Review: The End of Eddy


Review for "The End of Eddy" by Edouard Louis (2017 in US, 2014 in France)

Rating: 5 out of 5 stars

This book’s got trigger warnings up the wazoo: rape, bullying, assault, child abuse, animal abuse, homophobia, racism

A short and unrelenting autobiographical account of the author’s coming of age in a small town in northern France. Originally published in French, Eddy was only 21 when he wrote this book.

Much of this was hard for me to read. Eddy grows up poor and gay in a large family, a target of obvious scorn by his parents, his siblings, his classmates, and the people of his town. The depiction of French society here is a sharp contrast with what many of us Americans picture when we think of the region, with its artistic sensibilities and beautiful scenery. In Eddy’s town of Hallencourt, jobs are scarce, children drop out of school, and women have their babies young. Alcoholism is everywhere, violence is routine and part of a typical day’s events. Growing up, Eddy is assaulted daily, spat upon, and called derogatory names because his mannerisms, speech, and behavior does not fit the expectation of what is “manly.” He submits to these beatings because brutality is all he knows. His sexual initiation, which is not entirely consensual, is the hallmark of this book, because it’s after this event that he decides to take on the persona of ‘tough guy.’ He fails miserably, however. Eddy comes to accept his own homosexuality and eventually gets accepted into a theater program in a nearby city, pursues a degree, and eventually changes his name to Edouard Louis.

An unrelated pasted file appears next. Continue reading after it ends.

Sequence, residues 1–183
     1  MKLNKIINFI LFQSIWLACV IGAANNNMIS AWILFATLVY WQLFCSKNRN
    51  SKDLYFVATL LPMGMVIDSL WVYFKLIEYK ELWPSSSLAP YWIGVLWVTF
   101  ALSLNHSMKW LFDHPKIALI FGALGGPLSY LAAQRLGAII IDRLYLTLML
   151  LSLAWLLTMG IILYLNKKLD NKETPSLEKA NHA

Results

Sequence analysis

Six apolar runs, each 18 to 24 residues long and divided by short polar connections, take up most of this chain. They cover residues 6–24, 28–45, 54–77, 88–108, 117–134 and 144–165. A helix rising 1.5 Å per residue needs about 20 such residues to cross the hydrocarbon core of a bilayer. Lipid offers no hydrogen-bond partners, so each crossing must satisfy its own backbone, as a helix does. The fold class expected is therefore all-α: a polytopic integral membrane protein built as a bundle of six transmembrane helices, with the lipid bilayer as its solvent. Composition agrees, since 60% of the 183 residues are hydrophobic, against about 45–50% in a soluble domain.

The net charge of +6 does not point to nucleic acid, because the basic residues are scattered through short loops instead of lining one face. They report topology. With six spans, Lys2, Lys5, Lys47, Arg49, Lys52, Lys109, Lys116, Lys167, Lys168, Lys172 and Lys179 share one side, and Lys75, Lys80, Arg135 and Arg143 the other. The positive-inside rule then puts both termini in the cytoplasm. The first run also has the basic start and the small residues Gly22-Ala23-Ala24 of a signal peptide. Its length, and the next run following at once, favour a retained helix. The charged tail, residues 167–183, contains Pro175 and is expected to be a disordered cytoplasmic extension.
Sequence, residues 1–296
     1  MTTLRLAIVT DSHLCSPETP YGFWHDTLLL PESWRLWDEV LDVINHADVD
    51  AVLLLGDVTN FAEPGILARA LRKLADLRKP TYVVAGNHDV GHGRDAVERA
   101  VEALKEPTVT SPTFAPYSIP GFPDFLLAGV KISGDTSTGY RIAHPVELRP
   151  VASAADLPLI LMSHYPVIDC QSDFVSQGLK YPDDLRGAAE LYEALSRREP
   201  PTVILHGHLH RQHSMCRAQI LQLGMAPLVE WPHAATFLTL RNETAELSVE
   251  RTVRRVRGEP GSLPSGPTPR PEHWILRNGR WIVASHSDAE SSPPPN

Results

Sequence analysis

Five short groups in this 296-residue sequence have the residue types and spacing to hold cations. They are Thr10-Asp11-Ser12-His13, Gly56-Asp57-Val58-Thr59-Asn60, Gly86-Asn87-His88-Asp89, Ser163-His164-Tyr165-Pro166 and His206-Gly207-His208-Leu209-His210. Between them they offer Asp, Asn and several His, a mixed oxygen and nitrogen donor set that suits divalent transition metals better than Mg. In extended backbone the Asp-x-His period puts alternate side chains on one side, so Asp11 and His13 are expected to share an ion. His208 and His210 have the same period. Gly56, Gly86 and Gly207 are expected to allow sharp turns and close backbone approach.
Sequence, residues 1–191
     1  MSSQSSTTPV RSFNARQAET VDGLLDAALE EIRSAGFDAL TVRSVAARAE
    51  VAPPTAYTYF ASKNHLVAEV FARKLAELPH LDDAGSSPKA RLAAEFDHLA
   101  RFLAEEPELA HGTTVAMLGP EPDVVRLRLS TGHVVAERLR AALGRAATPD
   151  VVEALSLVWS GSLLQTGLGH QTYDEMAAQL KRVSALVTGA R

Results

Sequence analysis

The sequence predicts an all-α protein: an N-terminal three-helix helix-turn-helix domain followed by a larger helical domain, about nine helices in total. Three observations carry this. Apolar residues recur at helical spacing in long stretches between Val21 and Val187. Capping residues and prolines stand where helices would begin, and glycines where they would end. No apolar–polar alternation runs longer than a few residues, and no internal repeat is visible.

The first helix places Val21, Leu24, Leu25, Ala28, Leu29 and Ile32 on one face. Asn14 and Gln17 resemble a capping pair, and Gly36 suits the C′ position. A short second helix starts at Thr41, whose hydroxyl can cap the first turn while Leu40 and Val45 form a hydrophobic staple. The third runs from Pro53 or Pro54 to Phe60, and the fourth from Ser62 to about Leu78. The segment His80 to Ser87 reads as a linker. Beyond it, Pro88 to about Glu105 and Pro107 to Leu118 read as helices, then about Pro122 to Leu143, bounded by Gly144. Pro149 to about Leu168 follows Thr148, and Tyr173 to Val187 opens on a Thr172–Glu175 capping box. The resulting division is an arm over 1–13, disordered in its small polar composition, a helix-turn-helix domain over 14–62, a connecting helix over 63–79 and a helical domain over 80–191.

As much as I didn’t like reading this due to its graphic descriptions of such horrible things, I have to give it five stars. Something in me broke while reading this. It’s terrifying because of its urgency–you know that this kind of terrorism is happening to someone else as you read this. Even though this book takes place in France in the 90’s, it could be present day in your city or really anywhere in the world where people still practice the routines of toxic masculinity and violence.

Five stars, mates.

5 thoughts on “Review: The End of Eddy”

  1. Thoughtful review! There were some passages I struggled with reading as well, but I was glad to have finished the book. His other novel is written in a more disjointed style.

    Liked by 1 person

  2. I want to read this book, but unfortunately my local library doesn’t have it. I’m trying to stay away from books with sexual assault plotlines right now because it’s not good for my OCD. Great review! This sounds like it’s a tough read, but it sounds interesting and I think it’s awesome that the author wrote and published it when he was only 21. 🙂

    Liked by 1 person

    1. I can certainly understand. There are times when I find I can read certain kind of material with stipulations, other times when I just can’t. This book was pretty major in heavy content, and even though I liked the author’s writing, I would NEVER read this again.

      Liked by 1 person

      1. As far as I can tell, one of the authors who writes the most bleak and depressing gay-themed books is Jim Grimsley. I read two of his novels, “Dream Boy” and “Winter Birds,” and after “Winter Birds” I decided I needed a break from his writing (even though his other books are on my to-read list.) I heard the author of “The End of Eddy” also wrote a memoir, about being raped I think? Sounds like another one that would be psychologically difficult to read. :/

        Liked by 1 person

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